Some companies promise that generative AI will improve healthcare workflow through automating tasks such as diagnostics (from hip fragility to cancer diagnoses), care management (from emergency medical care to the compounding of pharmaceuticals and dispensing of medication), record-keeping and analysis (from data health reasoning to financial records) and customer interface (from patient portals and chatbots to customer experience surveys and grievance redress systems).

 While health care executives laud these tools, physicians worry about lax oversight and nurses point toward their increased administrative burdens, as new workflow systems have them “nursing the computer rather than nursing the patient.” In addition to contributing to nursing burnout, automated workflow systems may displace the labor of care from healthcare workers to patients themselves. Digital care pathways may help patients and their families coordinate care with health care professionals. At the same time, the introduction of digital tools may result in outsized care burdens for patients and their families. Automated workflows ask a patient—who may lack both the medical and the technological knowledge–to find an appropriate specialist, create an online account, install healthcare apps on a smart device, upload and update medical history, scan insurance cards, sign medical consent documents, obtain and engage wearable medical devices, monitor and report symptoms, complete patient experience surveys, and more. Where patients are very young, very old, sick, or disabled, such “person-centered care” shifts a significant burden of care onto a patient’s family.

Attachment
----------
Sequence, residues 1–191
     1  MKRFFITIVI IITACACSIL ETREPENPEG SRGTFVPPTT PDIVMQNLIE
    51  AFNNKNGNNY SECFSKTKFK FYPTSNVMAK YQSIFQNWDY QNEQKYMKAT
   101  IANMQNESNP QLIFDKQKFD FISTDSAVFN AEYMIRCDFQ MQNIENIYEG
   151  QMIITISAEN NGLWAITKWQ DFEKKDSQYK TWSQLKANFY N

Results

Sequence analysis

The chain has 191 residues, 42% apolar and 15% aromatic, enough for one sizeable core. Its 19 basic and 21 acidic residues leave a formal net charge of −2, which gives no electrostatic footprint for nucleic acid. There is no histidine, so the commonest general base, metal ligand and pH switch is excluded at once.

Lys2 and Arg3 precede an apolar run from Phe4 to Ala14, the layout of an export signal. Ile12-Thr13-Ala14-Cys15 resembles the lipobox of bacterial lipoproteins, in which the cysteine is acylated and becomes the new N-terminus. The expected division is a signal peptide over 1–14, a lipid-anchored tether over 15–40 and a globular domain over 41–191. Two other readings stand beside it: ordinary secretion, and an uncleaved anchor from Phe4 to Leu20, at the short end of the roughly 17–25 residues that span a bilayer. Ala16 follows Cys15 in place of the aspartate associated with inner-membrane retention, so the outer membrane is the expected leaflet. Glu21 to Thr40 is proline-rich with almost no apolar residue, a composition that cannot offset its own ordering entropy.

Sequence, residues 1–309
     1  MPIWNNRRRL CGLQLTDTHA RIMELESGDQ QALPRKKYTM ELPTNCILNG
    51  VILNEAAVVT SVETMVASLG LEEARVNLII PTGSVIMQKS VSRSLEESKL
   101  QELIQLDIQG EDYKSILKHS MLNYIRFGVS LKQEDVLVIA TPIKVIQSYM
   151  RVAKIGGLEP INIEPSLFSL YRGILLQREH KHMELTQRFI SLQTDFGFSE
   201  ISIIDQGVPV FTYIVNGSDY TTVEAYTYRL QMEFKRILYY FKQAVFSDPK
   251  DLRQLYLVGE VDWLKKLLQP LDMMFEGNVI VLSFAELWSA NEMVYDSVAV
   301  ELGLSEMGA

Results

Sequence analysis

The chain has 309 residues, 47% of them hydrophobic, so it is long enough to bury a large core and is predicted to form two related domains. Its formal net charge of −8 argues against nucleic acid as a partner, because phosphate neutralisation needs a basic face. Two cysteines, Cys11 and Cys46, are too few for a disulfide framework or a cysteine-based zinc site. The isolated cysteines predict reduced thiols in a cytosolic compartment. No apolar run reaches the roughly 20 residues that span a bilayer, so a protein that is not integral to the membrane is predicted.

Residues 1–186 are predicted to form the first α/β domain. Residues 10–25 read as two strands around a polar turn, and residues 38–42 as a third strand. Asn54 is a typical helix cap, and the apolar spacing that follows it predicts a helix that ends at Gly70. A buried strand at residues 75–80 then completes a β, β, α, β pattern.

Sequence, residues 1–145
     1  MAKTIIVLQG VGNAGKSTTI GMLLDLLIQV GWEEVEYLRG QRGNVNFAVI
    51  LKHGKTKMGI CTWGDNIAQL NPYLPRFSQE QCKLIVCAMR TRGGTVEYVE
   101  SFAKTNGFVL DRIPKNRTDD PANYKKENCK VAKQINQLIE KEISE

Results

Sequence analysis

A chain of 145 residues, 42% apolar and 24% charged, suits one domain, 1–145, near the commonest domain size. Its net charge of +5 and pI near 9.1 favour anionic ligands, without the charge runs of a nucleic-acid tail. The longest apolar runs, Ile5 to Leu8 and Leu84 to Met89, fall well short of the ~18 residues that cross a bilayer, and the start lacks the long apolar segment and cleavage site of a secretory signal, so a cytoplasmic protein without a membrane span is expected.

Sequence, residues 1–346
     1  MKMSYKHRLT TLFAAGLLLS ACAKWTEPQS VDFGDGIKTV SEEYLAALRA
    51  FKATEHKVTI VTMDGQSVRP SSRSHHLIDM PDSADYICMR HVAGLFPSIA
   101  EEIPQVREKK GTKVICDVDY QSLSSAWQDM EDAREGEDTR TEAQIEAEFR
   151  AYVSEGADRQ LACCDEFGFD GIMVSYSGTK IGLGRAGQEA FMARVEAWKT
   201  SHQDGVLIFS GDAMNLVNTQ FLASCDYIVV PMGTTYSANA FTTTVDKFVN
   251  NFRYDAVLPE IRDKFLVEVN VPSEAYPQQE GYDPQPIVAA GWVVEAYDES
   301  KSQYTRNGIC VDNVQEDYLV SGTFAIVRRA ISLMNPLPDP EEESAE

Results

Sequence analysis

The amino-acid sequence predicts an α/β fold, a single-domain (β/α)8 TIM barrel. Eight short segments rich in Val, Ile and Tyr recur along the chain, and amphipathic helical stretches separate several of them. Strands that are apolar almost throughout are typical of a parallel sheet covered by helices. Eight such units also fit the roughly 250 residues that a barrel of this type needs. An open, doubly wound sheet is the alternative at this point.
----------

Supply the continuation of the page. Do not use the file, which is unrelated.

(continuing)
It remains to be seen whether planning around so-called  “ethical” AI— in the U.S. or in other parts of the world—will result in improved systems of healthcare. It is possible that improvements can be made to oversight, algorithmic biases, and infringements of privacy. But such improvements, however desirable, overlook a fundamental conundrum involved in the very idea of “automated care.”

 Consider what we mean when we say that a human is on “auto-pilot.” The trucker who cannot remember how she got to her destination may be criticized for being less than careful. Similarly, the doctor, nurse, mother, friend, or lover who is simply going through the motions (however fine-tuned and accurate those motions may be) seems an uncaring participant in the relationship she undertakes. What, then, do we mean when we talk about automated care?

To say that something is “automatic,” conveys that it may be involuntary (unwilled), impulsive (irrational), spontaneous (instinctive), knee-jerk (activated without deliberation), mechanical or robotic (lifeless). Automated billing is one thing. But the idea of care as an automated product or service drains care it of its value and obscures the affective, embodied, relational, skilled, deliberative, and creative components of care work (both inside and outside of health care settings). By so doing, it fails to heed to the lessons of several decades of feminist work aimed at helping us understand the nature and moral significance of care. 

The cover picture is designed by Nancy Folbre
This work is licensed under a Creative Commons Attribution-NonCommercial-NoDerivatives 4.0 International License.